James McPherson's Media & Politics Blog

Observations of a patriotic progressive historian, media critic & former journalist


  • By the author of The Conservative Resurgence and the Press: The Media’s Role in the Rise of the Right and of Journalism at the End of the American Century, 1965-Present. A former journalist with a Ph.D. in journalism, history and political science, McPherson is a past president of the American Journalism Historians Association and a board member for the Northwest Alliance for Responsible Media.

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Killing youth

Posted by James McPherson on January 2, 2009

When does a kid stop being a kid? When he agrees to become a suicide bomber? When she kills her parents or grandparents? When he joins the military or she starts to drive?

Maybe when he has sex with his high school or junior high teacher, or she “marries” a much-older man? When he graduates from high school or she has her first baby–or agrees to sell the baby photos to the highest bidder?

Or maybe when he or she decides never to watch another “reality show” such as “The Bachelor” or any of its seemingly hundreds of even sleazier video offspring? Have the people who were so up in arms about Janet Jackson’s Super Bowl “wardrobe malfunction ever seen “Double Shot of Love”?

I find it interesting that the more horrible the crime against youngsters, the more we want to protect them, but the more horrible the crime they commit (an indication of less maturity, not more), the more likely we are to want to see them charged as adults.

We also may have a double standard when it comes to gender (though Slate’s William Saleton has offered evidence to the contrary). Girls, who mature faster than boys, may be more likely to be treated as victims–as they should be–when they engage in sexual relationships with older men. For teenage boys seduced by older women, however, some laugh off the act as a “rite of passage” or the harmless fulfillment of fantasy (though perhaps unfortunate if she happens to turn out to be a Nazi war criminal).

Like other parents and teachers, I worry that our children are growing up too fast. Some people blame the media, though even Focus on the Family admits that with home schooling your children and keeping them away from television, “Still, there’s no way to protect them completely from the perversion of the world.”

Perversion aside (and my definition of the term often differs from that of Focus on the Family) maybe we ought to teach our kids–and ourselves–more about the world as it is: not a dark and scary place where everyone who steps outside is likely to be raped or murdered (the picture portrayed by much of local television news and entertainment), one where everyone ought to be having sex with everyone else (the apparent view of much of the rest entertainment television), or a Disneyfied version in which love always conquers all.

Let kids be kids, when we can. Let the rest of us be kids from time to time, too. But let’s grow up about it, shall we?

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5 Responses to “Killing youth”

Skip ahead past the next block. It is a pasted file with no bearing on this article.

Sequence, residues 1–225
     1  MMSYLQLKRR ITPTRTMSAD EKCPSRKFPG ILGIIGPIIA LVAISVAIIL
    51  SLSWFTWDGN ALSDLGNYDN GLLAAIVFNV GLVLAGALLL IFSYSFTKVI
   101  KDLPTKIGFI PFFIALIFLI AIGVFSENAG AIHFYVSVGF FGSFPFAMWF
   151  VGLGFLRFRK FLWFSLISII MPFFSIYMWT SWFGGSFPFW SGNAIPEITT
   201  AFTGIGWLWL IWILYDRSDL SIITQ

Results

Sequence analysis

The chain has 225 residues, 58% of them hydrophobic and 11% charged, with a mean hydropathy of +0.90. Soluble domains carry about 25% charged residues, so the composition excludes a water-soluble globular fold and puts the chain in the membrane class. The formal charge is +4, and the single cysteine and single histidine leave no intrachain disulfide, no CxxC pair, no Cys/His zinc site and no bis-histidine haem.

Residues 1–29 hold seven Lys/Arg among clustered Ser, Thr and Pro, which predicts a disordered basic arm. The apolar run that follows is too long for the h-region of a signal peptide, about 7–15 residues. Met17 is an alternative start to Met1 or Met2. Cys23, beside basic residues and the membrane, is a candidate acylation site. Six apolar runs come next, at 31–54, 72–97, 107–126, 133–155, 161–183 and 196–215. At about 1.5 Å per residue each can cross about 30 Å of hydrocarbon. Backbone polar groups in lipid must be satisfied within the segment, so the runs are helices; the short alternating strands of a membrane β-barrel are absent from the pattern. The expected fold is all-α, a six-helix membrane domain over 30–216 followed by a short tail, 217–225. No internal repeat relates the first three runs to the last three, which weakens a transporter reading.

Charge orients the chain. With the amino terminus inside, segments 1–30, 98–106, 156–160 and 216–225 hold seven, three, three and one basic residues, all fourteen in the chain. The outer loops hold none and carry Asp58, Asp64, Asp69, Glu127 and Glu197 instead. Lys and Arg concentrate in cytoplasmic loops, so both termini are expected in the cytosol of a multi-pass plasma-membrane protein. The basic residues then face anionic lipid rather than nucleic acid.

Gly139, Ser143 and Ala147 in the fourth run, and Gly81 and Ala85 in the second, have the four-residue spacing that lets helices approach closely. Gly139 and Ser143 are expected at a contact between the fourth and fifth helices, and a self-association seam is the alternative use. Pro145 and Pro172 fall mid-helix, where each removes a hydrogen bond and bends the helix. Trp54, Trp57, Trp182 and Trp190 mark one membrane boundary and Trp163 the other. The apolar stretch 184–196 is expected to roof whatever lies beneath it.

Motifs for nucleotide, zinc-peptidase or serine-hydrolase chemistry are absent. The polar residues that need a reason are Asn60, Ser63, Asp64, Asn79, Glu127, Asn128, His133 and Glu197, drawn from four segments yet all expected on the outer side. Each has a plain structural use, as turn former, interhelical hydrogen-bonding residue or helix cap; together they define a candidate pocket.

1. You clearly have your own conflicting feelings with regard to how we should treat our children, as is quite normal. On the one hand parents want to protect their children from the world and on the other they understand it is their responsibility to prepare them for it.

    Where are we to draw the line? And how do you check yourself that you don’t over-protect your children simply to ease your own worrying, as opposed to really helping them be safe.

    There is nothing fundamentally different about a child’s exploration of the world from an adult’s. They just have less to go on, more hole’s that need filling. Always remember that what a young one is most curious about is what they feel they need to know, and this may be the best indicator of what sort of guidance they need.

    ~The Twentyseomthing
    http://theworldat20.blogspot.com/

  2. Gabrielle said

    Anyone who has actually /witnessed/ how far some teen girls will go in regards to seducing older men – say, someone like me who had friends like this – will know how ridiculous the mentioned double standard is.

    Also, homeschooling needs to stop. It makes kids…weird. *can say this because she was homeschooled for a while back in the day*

  3. James McPherson said

    Many of my students were formerly homeschooled, and some are indeed a bit odd–especially those who have been most “protected.” Some are scholastically among my top students, though many are very uncomfortable with ambiguity (being used to “right” answers that they could memorize).

    Others are among my weakest students, depending largely on the parent (or sometimes other church member) doing the teaching, and state regulations. The best adjusted typically seem to be those who participated in other social activities beyond their own home and church–at times a bit of a sore point with me as the son of a school administrator. Some of the same parents who complain most loudly about public schools won’t do a thing to help fix those schools–but have no qualms about sending their kids there to play in the band or on the football team.

    About your first point, Gabrielle, I know there are girls who try to seduce older me, though I have to admit that I’ve never understood why. Thanks for the “been-there” perspective on both points.

  4. […] noted previously my aversion to certain forms of technology, and my concerns about uncertain definitions of what constitutes maturity. Perhaps nothing better illustrates the problems  resulting from the […]

  5. […] Killing youth […]

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